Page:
Why the so called “fat burning zone” doesn’t work
Training at low intensities – up to 55% of max heart rate – is considered to be training in the fat burning zone. Great! So a higher proportion of calories will be burned from fat supplies rather than carbohydrate supplies. Great!
So, what’s the problem?
Well it’s partly down to the simple equation of calories in versus calories out. A 30-minute cardio session at this intensity will burn 200-300 calories. 1 bottle of Lucozade will replace that!
Also, a study at the University of Colorado School of Medicine in Denver shows that there is no “after-burn” effect from this level of work out. The after-burn is based on the idea that after exercise your metabolism is raised so you continue to burn calories for a while after you’ve stopped. Bonus! However, it is generally believed that to elicit this effect you need to train at high intensities. In fact, low intensity exercise decreases metabolism! The study at the University of Colorado School of Medicine in Denver shows this as well as a study at the University of Vermont. This is probably largely due to a survival mechanism to conserve calorie expenditure. Worse news still, in terms of weight loss is that the more you calorie-restrict your diet, the lower your resting metabolic rate!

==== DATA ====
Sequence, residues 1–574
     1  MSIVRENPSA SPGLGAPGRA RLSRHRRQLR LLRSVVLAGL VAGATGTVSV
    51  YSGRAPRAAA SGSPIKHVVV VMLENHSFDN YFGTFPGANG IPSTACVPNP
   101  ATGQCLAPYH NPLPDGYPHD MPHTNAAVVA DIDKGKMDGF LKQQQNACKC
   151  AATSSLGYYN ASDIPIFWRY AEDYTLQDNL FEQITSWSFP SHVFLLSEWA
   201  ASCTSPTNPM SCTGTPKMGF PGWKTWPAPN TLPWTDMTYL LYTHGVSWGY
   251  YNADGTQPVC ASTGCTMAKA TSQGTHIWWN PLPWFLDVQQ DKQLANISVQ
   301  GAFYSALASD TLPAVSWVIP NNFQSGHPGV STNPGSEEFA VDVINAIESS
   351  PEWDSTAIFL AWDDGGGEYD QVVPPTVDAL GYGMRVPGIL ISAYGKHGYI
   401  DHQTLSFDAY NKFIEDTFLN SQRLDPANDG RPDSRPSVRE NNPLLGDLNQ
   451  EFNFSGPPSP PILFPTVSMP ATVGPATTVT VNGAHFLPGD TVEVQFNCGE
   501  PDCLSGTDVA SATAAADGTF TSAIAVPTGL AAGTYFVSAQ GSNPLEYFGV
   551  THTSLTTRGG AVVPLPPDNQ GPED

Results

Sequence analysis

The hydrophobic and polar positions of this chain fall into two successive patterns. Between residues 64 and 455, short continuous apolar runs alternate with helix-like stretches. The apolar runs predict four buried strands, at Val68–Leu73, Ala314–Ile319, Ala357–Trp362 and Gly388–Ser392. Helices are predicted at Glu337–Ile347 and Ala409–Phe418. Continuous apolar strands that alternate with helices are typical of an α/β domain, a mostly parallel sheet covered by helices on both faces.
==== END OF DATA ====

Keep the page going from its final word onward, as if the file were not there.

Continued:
So what to take from this? Well, a study published on The British Journal of Sports Medicine website shows that other health benefits of exercise should really be acknowledged more. These include lower blood pressure, higher aerobic capacity and a quicker response to exercise, meaning improved health and a better ability to run for the bus! Other health benefits include mood elevation. After all, the main reason we do exercise is ultimately to feel better, right?
What else? To lose weight you need to eat sensibly and train hard.